Construction of an automated explosive-detection baggage system at Kansas City International Airport will be done in phases, with the first one set to start late this year.
That first $20 million phase of the estimated $60 million project is being designed and will take about eight more months to complete, said Phil Brown, Kansas City's deputy director of aviation.
The explosives-detection system screens checked luggage before it is put on a plane.
Numerous airports across the country have installed inline baggage screening systems since the Sept. 11, 2001, terrorist attacks. Typically, they are integrated with an airport's existing baggage conveyor system and are considered efficient because they allow luggage to be screened after passengers check it at the ticket counter.
Tentative plans call for the first phase of construction at KCI to be done for the baggage-handling systems of American, United, Midwest, Frontier and Delta airlines, Brown said.
'By this time next year, there should be construction going on,' he said. 'It will be a very complex project because we have to do it without disrupting the airlines and we have to rely on the Transportation Security Administration for equipment.'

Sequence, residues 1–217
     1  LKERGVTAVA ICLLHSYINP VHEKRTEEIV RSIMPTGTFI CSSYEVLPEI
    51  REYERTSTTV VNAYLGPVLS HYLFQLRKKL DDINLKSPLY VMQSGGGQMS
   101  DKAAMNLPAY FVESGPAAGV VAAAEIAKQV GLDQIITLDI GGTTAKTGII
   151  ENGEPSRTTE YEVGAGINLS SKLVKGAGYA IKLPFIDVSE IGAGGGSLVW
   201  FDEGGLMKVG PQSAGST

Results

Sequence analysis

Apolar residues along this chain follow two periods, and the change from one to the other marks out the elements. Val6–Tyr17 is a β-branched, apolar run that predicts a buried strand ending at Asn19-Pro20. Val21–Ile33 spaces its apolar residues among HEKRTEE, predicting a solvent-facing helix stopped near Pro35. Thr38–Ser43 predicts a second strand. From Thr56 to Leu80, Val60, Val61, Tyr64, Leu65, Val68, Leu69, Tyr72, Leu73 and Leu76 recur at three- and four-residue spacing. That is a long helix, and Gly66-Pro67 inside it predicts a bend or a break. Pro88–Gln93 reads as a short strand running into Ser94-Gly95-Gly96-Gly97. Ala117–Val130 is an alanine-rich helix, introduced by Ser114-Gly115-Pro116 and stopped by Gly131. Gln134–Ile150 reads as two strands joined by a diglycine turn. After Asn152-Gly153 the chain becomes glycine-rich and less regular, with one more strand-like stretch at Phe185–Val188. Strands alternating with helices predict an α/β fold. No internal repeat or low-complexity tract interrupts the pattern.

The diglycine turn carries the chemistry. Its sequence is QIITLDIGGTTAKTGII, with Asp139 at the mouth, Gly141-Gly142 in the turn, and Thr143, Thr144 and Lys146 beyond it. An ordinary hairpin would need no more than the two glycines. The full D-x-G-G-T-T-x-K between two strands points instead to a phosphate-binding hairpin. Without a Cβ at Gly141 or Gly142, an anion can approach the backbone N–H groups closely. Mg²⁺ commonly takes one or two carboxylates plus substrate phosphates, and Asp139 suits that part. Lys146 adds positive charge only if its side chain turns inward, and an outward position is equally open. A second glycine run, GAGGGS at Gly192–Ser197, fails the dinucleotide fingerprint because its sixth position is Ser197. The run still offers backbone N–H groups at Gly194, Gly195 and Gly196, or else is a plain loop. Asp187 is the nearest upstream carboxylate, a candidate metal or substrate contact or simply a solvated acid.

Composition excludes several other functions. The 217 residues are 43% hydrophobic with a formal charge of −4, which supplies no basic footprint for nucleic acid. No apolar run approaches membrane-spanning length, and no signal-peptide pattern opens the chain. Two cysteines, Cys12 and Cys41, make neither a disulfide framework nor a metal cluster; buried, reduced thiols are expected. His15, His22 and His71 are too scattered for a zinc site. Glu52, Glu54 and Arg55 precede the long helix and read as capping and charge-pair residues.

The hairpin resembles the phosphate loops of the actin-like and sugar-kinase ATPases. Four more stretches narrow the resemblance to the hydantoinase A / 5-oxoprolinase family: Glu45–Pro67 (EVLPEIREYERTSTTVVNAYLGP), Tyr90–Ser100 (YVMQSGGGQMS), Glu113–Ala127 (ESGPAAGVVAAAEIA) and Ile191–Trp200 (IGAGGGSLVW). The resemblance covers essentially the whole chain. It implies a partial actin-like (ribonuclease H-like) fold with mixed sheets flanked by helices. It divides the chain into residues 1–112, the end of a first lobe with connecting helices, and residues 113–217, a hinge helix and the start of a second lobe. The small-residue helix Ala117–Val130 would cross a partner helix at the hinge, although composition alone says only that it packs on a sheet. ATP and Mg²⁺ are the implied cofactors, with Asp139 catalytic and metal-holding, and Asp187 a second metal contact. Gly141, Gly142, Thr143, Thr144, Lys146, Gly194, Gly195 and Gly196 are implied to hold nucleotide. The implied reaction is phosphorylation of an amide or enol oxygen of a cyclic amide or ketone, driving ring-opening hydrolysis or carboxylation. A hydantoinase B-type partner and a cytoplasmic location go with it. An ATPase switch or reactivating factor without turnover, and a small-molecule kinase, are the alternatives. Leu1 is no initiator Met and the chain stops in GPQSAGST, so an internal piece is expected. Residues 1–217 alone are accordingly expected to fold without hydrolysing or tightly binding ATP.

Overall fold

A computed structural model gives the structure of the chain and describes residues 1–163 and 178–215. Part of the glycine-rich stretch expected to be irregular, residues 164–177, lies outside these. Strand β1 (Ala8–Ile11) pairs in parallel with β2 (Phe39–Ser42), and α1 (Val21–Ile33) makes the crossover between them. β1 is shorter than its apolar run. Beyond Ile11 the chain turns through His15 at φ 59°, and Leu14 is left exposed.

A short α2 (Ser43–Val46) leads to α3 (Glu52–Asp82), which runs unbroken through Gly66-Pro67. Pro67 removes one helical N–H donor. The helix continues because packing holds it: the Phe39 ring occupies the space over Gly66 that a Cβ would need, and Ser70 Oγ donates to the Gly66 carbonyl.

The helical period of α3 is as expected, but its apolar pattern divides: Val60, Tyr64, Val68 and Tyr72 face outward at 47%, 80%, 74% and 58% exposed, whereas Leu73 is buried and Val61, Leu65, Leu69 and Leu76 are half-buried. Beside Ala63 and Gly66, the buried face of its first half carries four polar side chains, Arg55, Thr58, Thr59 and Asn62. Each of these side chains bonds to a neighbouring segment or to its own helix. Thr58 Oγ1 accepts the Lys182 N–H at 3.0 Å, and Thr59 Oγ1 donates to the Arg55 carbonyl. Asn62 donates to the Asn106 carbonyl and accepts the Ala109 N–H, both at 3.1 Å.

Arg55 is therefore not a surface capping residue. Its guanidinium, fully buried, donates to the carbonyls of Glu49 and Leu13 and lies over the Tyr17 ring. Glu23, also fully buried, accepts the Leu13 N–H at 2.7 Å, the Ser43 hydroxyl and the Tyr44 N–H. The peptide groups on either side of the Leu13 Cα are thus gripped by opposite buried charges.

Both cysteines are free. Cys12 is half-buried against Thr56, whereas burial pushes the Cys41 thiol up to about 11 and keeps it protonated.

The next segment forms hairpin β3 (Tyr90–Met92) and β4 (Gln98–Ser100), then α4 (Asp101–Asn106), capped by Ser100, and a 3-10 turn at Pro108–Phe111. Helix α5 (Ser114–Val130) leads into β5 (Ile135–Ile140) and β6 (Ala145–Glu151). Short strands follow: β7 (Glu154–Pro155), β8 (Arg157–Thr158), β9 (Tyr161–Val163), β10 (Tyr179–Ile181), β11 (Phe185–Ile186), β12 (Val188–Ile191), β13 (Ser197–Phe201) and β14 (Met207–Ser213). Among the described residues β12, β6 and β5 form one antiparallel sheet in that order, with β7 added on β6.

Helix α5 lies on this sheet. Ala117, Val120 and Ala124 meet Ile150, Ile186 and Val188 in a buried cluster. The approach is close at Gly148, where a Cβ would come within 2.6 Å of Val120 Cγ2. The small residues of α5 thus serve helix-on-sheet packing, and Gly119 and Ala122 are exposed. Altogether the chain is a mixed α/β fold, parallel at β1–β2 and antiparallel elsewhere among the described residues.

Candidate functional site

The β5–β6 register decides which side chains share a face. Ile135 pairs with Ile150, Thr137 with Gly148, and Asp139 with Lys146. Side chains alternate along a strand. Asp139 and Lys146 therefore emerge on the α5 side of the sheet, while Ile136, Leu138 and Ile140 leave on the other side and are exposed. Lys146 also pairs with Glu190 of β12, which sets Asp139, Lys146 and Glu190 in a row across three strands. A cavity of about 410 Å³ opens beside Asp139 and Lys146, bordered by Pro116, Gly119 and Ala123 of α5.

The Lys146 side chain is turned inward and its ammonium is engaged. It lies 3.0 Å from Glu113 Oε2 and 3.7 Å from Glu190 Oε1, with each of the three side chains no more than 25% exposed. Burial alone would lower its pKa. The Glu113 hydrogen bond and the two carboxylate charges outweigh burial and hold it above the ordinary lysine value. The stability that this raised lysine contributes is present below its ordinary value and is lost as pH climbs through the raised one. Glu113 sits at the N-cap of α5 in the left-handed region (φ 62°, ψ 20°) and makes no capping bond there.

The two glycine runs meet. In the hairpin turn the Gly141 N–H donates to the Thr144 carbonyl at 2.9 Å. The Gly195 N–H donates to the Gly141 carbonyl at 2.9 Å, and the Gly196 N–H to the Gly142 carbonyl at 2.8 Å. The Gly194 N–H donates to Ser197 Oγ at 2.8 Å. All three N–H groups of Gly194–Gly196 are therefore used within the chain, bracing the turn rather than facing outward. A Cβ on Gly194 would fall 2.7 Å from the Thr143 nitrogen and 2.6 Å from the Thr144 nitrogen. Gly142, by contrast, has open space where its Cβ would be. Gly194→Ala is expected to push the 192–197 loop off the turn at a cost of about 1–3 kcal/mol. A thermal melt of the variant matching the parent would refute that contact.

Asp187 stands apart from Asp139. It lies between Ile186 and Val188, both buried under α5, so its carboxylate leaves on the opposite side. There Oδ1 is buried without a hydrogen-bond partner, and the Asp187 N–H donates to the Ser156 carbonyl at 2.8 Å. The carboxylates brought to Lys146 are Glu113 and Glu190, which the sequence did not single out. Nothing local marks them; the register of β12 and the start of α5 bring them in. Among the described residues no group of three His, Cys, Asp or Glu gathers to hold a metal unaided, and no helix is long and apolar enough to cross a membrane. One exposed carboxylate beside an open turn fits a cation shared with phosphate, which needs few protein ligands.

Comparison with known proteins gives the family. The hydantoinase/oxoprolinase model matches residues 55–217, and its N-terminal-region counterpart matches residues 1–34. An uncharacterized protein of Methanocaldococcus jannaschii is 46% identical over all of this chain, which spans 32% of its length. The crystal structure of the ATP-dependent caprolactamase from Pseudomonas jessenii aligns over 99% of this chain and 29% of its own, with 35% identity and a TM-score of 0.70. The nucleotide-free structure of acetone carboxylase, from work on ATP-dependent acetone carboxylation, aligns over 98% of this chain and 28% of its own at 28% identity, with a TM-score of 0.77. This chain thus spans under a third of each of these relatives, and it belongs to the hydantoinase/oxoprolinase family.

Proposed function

No timetable has been set for the start of the other phases.
The design by California-based Jacob Facilities Inc. must be approved by the security administration and the Federal Aviation Administration before any construction starts.
Grants from the security administration and FAA are paying for a majority of the project's cost.
The city already has received the $20 million in grants needed to start the first phase of construction. U.S. Rep. Sam Graves, a Missouri Republican whose district includes KCI, said he helped secure $3 million for the project through the $388 billion federal spending bill for 2005. Congress passed the bill in November, and President Bush has signed it into law.
'The safety of our skies depends upon the security on the ground,' Graves said. 'We must continue to fund a sound airport security policy.'
Construction of the inline baggage screening system could call for rerouting some of the conveyor baggage belt equipment and the further expansion of terminal space, airport officials said.
The recently completed renovations expanded some terminal areas by as much as 15 feet beyond original exterior walls. Much of that expansion was done in passenger waiting lounges.